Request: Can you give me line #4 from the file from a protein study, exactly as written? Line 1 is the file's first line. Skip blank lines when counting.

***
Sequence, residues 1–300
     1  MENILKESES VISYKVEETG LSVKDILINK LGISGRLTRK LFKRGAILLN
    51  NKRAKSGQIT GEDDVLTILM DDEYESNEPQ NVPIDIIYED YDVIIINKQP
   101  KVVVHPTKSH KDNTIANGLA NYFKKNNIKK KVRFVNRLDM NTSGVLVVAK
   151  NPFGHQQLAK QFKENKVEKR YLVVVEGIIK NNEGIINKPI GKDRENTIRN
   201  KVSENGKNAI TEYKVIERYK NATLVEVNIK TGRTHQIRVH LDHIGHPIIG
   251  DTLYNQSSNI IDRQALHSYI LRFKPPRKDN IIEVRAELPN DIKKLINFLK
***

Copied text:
   101  KVVVHPTKSH KDNTIANGLA NYFKKNNIKK KVRFVNRLDM NTSGVLVVAK